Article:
First of all, according to Thompson, NATO has neglected preparations necessary to meet high-tech threats.
“Fifteen years of fighting counter-insurgency warfare in Southwest Asia has left the Army well equipped to take down irregular forces such as ISIS [Daesh], but much less ready to fight an enemy armed with tanks, artillery and attack aircraft,” Thompson wrote.
Russia, he went on, has a historical tendency to conduct warfare on land rather than at sea. Additionally, taking into account the quantity of armed forces deployed in the west of the country, Russia can, in a very short-term, assemble the required numbers of servicemen, Thompson underscored.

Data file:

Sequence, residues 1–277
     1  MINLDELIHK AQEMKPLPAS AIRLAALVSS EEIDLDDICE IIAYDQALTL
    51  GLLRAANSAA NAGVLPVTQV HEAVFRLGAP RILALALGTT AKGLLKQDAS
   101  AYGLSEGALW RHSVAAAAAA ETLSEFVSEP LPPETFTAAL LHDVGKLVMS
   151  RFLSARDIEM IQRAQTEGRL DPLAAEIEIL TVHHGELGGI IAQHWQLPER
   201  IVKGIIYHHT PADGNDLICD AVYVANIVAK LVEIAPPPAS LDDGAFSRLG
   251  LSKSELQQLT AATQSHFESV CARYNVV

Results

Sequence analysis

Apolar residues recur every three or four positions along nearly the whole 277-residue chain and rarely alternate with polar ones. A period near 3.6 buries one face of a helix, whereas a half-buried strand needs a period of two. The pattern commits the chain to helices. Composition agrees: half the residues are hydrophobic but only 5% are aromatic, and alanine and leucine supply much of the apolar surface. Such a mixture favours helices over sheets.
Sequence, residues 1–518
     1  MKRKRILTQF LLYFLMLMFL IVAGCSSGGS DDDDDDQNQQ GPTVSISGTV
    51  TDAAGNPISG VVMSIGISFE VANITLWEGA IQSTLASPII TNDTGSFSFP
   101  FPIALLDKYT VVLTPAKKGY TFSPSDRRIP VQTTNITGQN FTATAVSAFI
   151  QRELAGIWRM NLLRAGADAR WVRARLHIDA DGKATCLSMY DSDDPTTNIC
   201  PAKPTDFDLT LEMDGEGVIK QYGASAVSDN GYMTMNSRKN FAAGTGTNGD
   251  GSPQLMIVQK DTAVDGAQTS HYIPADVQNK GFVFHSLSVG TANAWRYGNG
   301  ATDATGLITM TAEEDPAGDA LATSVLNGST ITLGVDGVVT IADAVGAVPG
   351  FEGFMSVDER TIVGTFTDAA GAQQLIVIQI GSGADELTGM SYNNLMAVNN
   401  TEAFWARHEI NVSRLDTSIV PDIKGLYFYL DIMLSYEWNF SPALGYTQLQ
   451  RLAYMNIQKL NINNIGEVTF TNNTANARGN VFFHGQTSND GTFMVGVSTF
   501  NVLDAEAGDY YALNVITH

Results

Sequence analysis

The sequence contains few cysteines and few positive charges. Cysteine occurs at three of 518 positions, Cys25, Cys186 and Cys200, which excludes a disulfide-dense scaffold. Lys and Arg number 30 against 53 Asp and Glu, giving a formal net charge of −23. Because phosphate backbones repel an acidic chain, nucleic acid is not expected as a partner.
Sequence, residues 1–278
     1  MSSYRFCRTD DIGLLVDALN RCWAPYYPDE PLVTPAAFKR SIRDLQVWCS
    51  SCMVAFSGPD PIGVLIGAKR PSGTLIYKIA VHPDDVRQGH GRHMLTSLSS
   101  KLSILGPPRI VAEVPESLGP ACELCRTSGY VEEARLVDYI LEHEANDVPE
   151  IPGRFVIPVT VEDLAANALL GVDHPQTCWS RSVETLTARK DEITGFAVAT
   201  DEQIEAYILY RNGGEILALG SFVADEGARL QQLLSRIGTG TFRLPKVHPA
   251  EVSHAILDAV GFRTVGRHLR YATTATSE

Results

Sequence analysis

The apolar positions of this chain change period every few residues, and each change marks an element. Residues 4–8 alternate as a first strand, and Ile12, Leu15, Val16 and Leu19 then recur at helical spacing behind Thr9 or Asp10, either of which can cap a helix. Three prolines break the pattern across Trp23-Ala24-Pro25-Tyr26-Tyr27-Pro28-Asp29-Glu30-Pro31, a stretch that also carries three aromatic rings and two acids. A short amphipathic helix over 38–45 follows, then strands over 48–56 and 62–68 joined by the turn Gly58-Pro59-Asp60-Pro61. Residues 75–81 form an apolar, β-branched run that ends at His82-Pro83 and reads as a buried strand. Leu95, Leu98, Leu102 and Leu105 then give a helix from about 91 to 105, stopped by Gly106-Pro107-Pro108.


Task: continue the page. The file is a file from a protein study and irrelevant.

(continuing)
The author of the article also believes that NATO’s air support may, in fact, appear ineffective, as Russia has obtained mighty anti-aircraft defense systems.
“For instance, most of Polish air space is potentially within range of Russian air defenses,” Thompson pointed out.
Thompson concluded by stating that the capabilities of Russian weaponry are gradually growing.
“As the Russian military has become increasingly professionalized, it has introduced an array of advanced conventional weapons while America and its allies have under-invested in new technology.”